Investors are queuing up to finance Dell Inc.’s $67 billion acquisition of EMC Corp., with the computer maker poised to boost its offering for what’s likely to be the year’s second-biggest corporate bond sale.
The company had received more than $80 billion of orders from investors by the time its bankers closed the books on Tuesday, according to people familiar with the transaction who asked not to be identified because they aren’t authorized to speak publicly. Dell had initially planned to raise about $16 billion. The company is weighing whether to increase the amount of debt it’s raising in the investment-grade bond market, one person with knowledge of the matter said Monday.
Dell’s bond sale may be the largest since Anheuser-Busch InBev NV sold $46 billion of bonds in January to finance its takeover of SABMiller Plc., and is expected to launch on Tuesday, said one of the people. The offering comes on the heels of the busiest week for bond sales by blue-chip companies in the U.S and Europe since January. Top-rated issuers sold about $74 billion in the five-day period ending May 13, according to data compiled by Bloomberg.
While Dell’s proposed notes have been given the lowest investment-grade rating, the yields offered may entice investors who typically buy higher-rated junk bonds, said Matthew Duch, a money manager at Calvert Investments in Bethesda, Maryland, which has about $12 billion of assets under management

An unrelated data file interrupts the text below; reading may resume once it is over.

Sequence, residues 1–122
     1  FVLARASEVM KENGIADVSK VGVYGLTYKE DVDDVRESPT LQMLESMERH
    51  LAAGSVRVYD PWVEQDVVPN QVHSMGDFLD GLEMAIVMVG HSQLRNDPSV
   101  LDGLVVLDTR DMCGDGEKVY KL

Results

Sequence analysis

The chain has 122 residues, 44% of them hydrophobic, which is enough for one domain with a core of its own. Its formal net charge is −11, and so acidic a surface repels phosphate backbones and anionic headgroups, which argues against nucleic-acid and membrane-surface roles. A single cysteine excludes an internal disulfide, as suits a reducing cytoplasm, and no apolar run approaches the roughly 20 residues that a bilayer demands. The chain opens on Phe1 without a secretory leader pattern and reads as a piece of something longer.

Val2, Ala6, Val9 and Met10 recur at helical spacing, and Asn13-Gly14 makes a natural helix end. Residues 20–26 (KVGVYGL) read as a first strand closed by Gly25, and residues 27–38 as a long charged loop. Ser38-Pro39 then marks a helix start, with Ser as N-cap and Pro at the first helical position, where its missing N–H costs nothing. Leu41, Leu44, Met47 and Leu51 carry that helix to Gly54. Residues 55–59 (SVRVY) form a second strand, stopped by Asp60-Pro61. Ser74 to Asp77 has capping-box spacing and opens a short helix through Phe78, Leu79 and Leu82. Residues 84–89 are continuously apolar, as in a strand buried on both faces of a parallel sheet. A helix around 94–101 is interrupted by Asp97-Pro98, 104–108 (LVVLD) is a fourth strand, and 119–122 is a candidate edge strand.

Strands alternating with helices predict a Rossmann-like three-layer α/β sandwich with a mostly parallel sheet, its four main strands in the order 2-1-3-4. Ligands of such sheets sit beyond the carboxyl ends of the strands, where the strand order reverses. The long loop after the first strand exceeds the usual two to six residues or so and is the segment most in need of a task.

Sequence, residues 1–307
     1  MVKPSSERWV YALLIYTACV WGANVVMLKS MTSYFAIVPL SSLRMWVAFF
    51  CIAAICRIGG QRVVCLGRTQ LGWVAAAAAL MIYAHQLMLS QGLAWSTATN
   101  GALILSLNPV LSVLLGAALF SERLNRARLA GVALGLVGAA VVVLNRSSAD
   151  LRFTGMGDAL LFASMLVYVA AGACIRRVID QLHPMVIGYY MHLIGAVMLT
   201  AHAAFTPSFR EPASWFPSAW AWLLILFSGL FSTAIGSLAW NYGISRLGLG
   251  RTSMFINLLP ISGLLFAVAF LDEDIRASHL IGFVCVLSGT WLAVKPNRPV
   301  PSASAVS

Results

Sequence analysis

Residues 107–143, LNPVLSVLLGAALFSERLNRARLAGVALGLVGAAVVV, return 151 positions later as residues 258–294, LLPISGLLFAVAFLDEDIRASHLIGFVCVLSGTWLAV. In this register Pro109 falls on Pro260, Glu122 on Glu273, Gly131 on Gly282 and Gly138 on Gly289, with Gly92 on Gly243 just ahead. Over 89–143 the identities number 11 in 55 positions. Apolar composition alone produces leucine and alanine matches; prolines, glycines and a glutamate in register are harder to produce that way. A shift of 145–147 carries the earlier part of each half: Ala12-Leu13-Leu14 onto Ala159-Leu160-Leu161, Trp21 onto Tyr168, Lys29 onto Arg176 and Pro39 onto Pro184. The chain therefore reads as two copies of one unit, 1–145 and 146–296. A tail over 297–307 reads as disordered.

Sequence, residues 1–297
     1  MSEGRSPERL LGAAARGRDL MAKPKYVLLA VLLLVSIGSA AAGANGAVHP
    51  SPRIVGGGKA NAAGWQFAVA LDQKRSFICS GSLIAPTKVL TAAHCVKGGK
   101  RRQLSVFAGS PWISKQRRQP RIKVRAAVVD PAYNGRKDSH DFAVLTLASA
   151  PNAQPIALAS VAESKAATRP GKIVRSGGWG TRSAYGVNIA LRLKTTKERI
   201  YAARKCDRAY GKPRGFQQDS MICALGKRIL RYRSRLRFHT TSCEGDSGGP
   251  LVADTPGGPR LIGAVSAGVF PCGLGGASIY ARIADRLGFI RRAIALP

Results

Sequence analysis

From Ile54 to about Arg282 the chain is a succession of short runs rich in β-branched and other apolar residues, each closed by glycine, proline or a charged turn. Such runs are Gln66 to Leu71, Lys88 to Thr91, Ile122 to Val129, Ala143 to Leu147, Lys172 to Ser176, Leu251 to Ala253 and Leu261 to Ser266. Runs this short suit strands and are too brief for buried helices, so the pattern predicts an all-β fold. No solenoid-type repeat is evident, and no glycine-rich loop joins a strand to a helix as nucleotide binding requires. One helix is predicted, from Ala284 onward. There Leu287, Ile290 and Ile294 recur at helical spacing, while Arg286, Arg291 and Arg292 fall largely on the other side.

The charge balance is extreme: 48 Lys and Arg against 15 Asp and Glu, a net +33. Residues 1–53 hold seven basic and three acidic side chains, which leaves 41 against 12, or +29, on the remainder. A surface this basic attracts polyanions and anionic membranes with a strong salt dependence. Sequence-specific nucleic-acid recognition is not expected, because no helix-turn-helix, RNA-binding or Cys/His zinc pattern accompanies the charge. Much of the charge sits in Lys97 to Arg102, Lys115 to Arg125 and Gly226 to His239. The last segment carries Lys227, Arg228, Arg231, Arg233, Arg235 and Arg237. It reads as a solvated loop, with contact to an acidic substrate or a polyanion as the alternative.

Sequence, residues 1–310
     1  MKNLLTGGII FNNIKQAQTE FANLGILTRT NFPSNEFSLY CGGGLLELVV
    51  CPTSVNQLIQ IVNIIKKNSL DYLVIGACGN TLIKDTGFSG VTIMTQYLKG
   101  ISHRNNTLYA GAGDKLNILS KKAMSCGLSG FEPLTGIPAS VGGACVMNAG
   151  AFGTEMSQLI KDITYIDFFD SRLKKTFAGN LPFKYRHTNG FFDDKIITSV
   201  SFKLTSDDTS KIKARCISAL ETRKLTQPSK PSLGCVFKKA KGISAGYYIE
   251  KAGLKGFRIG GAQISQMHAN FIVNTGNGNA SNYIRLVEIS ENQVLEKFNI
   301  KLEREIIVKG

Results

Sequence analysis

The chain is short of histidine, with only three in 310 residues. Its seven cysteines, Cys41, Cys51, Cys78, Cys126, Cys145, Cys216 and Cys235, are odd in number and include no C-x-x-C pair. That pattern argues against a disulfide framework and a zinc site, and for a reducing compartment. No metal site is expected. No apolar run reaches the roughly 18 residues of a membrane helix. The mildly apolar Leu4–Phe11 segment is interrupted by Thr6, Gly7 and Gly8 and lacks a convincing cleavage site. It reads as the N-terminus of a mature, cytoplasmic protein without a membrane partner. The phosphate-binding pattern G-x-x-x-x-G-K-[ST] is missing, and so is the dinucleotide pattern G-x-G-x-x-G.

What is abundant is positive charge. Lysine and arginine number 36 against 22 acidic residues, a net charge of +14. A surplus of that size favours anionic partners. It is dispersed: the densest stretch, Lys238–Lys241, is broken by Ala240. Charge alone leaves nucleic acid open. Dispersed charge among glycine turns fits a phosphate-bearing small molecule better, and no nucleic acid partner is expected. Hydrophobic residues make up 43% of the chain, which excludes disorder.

The longest part of the offering, debt maturing in 30 years, now may yield at least 5.875 percentage points above similar-maturity Treasuries, said another person familiar with the matter. While that’s down from an offer of 6.25 percentage points, its still about three times the average spread on all U.S. corporate bonds of similar ratings and maturities, according to Bank of America Merrill Lynch data.
A proposed 10-year note may yield at least 4.375 percentage points above government debt, said the person. That’s a premium of almost 1.7 percentage points over comparable debt. The debt was first marketed with a premium of 4.75 percentage points.
“You can capture some high-yield interest at these levels,” Duch said. “There’s no doubt that it becomes more attractive.”
Creditsights Inc. analysts led by Erin Lyons rated the offering the equivalent of a buy in a note on Monday, saying the bonds offer “compelling value” compared to the debt of peers including HP Inc. and Hewlett Packard Enterprise Co.
“We think investors will be willing to overlook the credit concerns given the attractive yield, secured nature of the bonds, and coupon steps,” they wrote. “We sense investors have made room in their portfolios, expecting meaningful concessions.”
Moody’s Investors Service assigned a Baa3 rating to the bonds last week. S&P Global Ratings graded the debt an equivalent BBB-. Dell also plans to sell $3.25 billion of unsecured notes in the high-yield market, according to S&P.
The deal is expected to price this week. Bank of America Corp., Barclays Plc, Citigroup Inc., Credit Suisse Group AG, Goldman Sachs Group Inc. and JPMorgan Chase & Co. are managing the sale.
Investors have been on the lookout for a host of debt offerings from Dell since the company said in October that banks had committed $49.5 billion of financing for the takeover. In April, the computer maker was close to placing a senior portion of the debt financing -- $11 billion of term loans that were up-sized by $1 billion -- through a syndicate of 24 banks, a person with knowledge of the matter said at the time.
Representatives for Dell didn’t return requests seeking comment.